Headline-making news today from the Centers for Disease Control and Prevention: Workers clearing out an old storage room on the Bethesda, Md. campus of the National Institutes of Health have found a forgotten box of vials that contain smallpox.
Yes, smallpox. The “most terrible of all the ministers of death,” as Thomas Babington Macaulay called it in his 1848 History of England — a disease that was the world’s most dreadful killer, until it was declared eradicated in 1980. A disease caused by a virus that now is supposed to reside in only two highly secure laboratories on the planet, in Russia, and at the CDC.
Smallpox is the only human disease ever successfully eradicated — pursued to elimination by a relentless dragnet that closed nooses of vaccination around every identified case. After the last natural infection, in Somalia in 1977, the World Health Organization launched a second dragnet, scouring lab freezers and storage rooms for any remaining samples of the virus, and consolidating them in Siberia and Atlanta.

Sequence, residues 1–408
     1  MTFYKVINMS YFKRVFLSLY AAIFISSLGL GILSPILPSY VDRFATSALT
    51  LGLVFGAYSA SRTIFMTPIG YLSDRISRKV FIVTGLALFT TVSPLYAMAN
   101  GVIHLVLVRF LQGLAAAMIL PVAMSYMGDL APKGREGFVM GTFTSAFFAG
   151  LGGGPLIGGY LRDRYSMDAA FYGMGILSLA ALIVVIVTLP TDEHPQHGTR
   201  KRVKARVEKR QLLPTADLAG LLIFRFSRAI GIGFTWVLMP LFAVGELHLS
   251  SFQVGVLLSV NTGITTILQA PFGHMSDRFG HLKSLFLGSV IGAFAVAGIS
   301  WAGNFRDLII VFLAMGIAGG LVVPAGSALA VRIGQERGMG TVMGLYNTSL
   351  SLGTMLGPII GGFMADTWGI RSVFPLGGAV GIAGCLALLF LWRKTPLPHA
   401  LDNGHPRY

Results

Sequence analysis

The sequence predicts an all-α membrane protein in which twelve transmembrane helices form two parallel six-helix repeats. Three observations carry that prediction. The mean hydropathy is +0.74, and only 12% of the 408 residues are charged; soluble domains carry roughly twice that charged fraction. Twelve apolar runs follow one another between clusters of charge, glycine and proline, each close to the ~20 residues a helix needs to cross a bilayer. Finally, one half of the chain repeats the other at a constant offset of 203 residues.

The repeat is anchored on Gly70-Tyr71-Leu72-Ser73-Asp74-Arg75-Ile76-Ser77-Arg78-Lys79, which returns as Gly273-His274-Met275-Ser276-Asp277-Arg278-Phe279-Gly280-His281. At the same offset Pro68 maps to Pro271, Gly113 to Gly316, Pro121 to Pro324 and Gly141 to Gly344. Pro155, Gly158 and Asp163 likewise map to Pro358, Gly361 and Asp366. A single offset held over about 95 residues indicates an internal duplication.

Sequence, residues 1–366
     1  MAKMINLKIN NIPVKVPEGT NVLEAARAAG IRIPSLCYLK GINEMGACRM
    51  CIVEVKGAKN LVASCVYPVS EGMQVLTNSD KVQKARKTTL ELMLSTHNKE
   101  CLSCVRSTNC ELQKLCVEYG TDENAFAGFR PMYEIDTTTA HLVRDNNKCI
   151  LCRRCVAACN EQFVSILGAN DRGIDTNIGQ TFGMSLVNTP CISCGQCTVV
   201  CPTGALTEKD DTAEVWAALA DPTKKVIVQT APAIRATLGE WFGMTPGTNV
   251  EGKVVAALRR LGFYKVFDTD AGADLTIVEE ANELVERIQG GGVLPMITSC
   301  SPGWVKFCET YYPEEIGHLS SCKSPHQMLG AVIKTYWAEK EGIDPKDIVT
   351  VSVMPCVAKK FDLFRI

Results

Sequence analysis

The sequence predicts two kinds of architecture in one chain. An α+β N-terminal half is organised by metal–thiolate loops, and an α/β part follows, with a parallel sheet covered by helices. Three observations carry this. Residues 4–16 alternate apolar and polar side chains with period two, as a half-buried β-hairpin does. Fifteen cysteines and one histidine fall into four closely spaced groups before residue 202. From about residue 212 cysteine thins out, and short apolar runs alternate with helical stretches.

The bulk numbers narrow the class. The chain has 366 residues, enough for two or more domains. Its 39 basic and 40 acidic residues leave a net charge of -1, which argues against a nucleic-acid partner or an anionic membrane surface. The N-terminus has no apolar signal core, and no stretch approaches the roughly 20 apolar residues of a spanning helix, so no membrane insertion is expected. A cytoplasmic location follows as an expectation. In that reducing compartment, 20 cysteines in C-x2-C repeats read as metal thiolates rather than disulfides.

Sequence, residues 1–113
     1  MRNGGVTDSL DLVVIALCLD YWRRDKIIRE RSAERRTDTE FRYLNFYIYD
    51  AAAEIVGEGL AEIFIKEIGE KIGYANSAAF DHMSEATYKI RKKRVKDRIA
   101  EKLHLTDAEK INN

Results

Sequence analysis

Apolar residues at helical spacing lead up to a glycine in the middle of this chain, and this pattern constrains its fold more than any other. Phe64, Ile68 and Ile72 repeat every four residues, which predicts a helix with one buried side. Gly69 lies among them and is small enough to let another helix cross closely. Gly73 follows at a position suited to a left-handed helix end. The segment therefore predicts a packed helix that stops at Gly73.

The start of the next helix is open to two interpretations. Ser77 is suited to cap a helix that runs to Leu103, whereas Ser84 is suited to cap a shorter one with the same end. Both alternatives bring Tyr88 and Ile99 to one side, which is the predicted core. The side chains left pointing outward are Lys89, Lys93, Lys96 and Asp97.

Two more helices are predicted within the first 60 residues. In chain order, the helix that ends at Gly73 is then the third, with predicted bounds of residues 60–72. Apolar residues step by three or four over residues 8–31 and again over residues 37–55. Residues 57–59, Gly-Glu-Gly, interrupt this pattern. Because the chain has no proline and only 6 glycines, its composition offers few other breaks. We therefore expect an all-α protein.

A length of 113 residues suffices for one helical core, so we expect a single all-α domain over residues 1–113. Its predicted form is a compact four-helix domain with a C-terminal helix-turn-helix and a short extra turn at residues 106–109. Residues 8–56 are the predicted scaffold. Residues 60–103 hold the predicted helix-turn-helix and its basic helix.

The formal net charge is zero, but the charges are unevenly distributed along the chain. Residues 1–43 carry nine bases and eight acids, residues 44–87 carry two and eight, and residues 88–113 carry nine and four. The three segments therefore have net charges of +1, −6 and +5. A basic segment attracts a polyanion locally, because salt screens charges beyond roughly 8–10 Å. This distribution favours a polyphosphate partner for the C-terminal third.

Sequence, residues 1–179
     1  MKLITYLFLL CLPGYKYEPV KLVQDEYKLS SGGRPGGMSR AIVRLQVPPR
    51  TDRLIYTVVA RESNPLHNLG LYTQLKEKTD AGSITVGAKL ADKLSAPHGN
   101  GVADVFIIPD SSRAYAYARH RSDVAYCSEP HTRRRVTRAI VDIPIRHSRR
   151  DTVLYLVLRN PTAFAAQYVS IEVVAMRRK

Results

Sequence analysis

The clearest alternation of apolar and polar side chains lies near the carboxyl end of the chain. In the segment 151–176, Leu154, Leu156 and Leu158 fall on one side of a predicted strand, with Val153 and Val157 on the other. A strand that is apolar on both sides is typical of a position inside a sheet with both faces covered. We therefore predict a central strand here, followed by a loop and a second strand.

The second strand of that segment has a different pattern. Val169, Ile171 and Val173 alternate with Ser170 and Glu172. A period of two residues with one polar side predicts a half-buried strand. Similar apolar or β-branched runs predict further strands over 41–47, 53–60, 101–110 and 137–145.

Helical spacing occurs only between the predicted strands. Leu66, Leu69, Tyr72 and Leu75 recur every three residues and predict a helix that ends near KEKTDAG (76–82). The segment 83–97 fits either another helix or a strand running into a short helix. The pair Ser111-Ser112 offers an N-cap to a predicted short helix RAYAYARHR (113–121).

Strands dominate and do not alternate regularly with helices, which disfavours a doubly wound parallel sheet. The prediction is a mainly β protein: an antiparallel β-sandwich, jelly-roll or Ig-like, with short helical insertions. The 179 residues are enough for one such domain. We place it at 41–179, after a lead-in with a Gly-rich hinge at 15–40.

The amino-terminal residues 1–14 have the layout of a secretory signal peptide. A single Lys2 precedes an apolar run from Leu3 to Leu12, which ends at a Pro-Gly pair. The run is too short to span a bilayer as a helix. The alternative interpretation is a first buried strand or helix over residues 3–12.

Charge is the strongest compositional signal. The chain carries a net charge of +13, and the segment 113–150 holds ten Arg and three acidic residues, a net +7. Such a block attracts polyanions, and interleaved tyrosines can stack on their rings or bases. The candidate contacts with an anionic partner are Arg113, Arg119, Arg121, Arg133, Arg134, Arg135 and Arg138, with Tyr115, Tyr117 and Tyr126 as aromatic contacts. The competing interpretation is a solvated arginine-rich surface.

Somehow, these six tubes of freeze-dried virus evaded the search. They were found in the storage room of a lab that now belongs to the Food and Drug Administration but was ceded to that agency by NIH in 1972. They may date back to the 1950s.